Scientists finally determine the reason for the blue color difference in Uranus and Neptune

Scientists finally determine the reason for the blue color difference in Uranus and Neptune

Scientists have finally explained why the appearances of Uranus and Neptune are so different, despite having a lot in common between them.

According to RT, the mass of Uranus is about 15 times the mass of the Earth, while the mass of Neptune is 17 times, with almost identical atmospheric compositions of hydrogen (more than 80% each), helium and methane.

The new study, led by Professor Patrick Irwin at Oxford University, suggests the presence of a layer of haze on both planets, which explains the different colors of Uranus and Neptune.

The study suggests that both would appear almost equally blue if there was no fog in the atmosphere, and using observations from the Hubble Space Telescope, the NASA Infrared Telescope Facility and the Gemini North Telescope, an international team of scientists developed a model to describe the layers of aerosols in the atmospheres of both planets. .

Professor Irwin, lead author of the research paper, said: ‘This is the first model that synchronously fits observations of reflected sunlight from ultraviolet to near infrared.

He added, “He is also the first to explain the difference in visible color between Uranus and Neptune.” The model includes three layers of fog at different altitudes in the atmospheres of the two planets.

Scientists say that the middle layer of fog particles is thicker on Uranus than on Neptune, which affects the visible color of the two planets.

The study showed that embedded in the inner layers of the atmosphere, it consists of more haze than previously thought, rather than just icy clouds of methane and hydrogen sulfide.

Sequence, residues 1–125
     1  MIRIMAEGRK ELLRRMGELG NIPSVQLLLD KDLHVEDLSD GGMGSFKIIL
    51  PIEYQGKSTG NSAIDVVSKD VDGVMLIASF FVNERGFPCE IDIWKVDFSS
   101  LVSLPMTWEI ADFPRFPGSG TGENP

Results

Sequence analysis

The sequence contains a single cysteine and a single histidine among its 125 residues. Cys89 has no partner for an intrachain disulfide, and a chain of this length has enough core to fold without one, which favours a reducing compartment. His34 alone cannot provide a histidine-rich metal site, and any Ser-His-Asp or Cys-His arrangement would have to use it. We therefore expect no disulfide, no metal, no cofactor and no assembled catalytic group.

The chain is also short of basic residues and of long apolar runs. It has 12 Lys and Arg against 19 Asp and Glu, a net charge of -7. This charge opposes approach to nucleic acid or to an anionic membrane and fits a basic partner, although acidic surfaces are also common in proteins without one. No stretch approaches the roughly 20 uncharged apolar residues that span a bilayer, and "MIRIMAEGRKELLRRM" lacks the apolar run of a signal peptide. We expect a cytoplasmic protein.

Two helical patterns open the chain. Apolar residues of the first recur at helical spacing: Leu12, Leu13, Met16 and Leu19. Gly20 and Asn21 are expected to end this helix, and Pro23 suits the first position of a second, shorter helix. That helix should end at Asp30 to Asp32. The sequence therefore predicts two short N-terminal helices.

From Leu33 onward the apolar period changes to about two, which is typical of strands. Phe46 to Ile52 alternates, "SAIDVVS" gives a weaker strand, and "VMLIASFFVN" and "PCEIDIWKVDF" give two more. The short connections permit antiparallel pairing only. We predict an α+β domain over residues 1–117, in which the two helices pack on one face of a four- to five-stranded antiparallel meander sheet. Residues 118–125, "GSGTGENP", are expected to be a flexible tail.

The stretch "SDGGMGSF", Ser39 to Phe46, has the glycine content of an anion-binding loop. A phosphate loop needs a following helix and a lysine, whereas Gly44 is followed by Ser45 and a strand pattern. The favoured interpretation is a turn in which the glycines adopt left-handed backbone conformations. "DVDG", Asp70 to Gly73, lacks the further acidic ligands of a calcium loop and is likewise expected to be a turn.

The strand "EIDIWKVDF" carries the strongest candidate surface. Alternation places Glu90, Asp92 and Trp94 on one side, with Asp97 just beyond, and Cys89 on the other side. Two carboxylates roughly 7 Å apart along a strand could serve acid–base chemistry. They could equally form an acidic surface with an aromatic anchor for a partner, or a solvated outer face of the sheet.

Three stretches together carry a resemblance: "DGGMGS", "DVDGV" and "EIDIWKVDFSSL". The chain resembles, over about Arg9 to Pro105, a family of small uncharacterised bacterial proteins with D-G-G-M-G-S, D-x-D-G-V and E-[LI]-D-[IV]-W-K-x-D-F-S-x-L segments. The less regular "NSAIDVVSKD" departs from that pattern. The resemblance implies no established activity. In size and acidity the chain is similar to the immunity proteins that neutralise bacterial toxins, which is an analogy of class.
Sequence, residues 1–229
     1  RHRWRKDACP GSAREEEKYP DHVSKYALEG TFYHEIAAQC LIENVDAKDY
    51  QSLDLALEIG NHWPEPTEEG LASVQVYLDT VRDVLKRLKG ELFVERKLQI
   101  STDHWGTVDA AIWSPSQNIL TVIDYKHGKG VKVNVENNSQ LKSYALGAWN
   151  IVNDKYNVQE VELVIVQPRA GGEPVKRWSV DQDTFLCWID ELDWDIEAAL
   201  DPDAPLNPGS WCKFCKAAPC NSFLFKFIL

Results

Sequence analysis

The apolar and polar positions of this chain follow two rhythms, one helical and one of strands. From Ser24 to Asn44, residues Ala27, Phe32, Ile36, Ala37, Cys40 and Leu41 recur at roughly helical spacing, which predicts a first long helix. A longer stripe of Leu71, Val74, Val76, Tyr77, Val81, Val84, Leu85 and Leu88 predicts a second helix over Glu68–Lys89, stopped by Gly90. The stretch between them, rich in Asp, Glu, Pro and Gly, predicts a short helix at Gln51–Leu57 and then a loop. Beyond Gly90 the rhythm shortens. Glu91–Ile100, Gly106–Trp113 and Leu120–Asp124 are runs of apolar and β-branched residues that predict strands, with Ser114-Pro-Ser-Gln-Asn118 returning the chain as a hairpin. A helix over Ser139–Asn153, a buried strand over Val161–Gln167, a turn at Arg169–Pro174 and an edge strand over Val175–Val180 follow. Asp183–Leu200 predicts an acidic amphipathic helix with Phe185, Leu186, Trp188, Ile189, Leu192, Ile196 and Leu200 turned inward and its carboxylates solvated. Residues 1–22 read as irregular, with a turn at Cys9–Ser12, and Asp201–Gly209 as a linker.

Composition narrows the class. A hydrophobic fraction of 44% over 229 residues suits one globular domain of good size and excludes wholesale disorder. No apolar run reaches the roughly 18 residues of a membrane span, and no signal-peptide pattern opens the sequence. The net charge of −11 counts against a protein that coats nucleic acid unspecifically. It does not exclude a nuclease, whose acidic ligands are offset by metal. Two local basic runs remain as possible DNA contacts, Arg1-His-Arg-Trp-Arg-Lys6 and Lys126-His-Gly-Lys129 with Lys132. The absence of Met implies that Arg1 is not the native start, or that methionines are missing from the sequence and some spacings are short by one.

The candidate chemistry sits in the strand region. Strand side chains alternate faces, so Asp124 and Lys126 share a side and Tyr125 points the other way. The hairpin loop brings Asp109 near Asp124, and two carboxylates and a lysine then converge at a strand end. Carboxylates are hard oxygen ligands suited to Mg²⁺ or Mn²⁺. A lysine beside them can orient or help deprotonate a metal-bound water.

The scientists said this is the first time that a study has taken into account wavelengths from ultraviolet to near infrared, rather than focusing on a handful of light waves.

Previously, scientists suggested that Neptune’s methane is what makes this planet so blue, as the gas absorbs a lot of red light and reflects blue colors. But scientists were at a loss to explain what was happening in Uranus, given that it contained more methane (2.3% of the mass of the atmosphere, compared to 1.9% in Neptune).

This discrepancy indicates that something else must be responsible for the color difference. But other major differences between the two planets revealed few clues to the mystery.

In fact, both planets have not been well studied, and each was visited by only one spacecraft, NASA’s Voyager 2 in the 1980s. Since then, scientists have relied on telescopic check-ins to spot these blue celestial objects.

The new study shows that on both planets, methane ice condenses on particles in the middle layer, forming a shower of methane ice that pulls fog particles deeper into the atmosphere.

Neptune has a more active and turbulent atmosphere than Uranus, which indicates that its atmosphere is more efficient in converting gas into a layer of fog where it can condense on the fog particles and produce this ice. This removes more haze and keeps the Neptune haze layer thinner.

Therefore, Neptune appears bluer, while excess haze accumulates on Uranus in the planet’s stagnant and sluggish atmosphere, giving it a lighter hue.

The study also showed a second, deeper layer in the model. And when it darkens, this could be why dark spots appear more occasionally on Neptune and more intermittently on Uranus, like the famous GDS-89 Great Dark Spot on Neptune, spotted by Voyager 2 in 1989.


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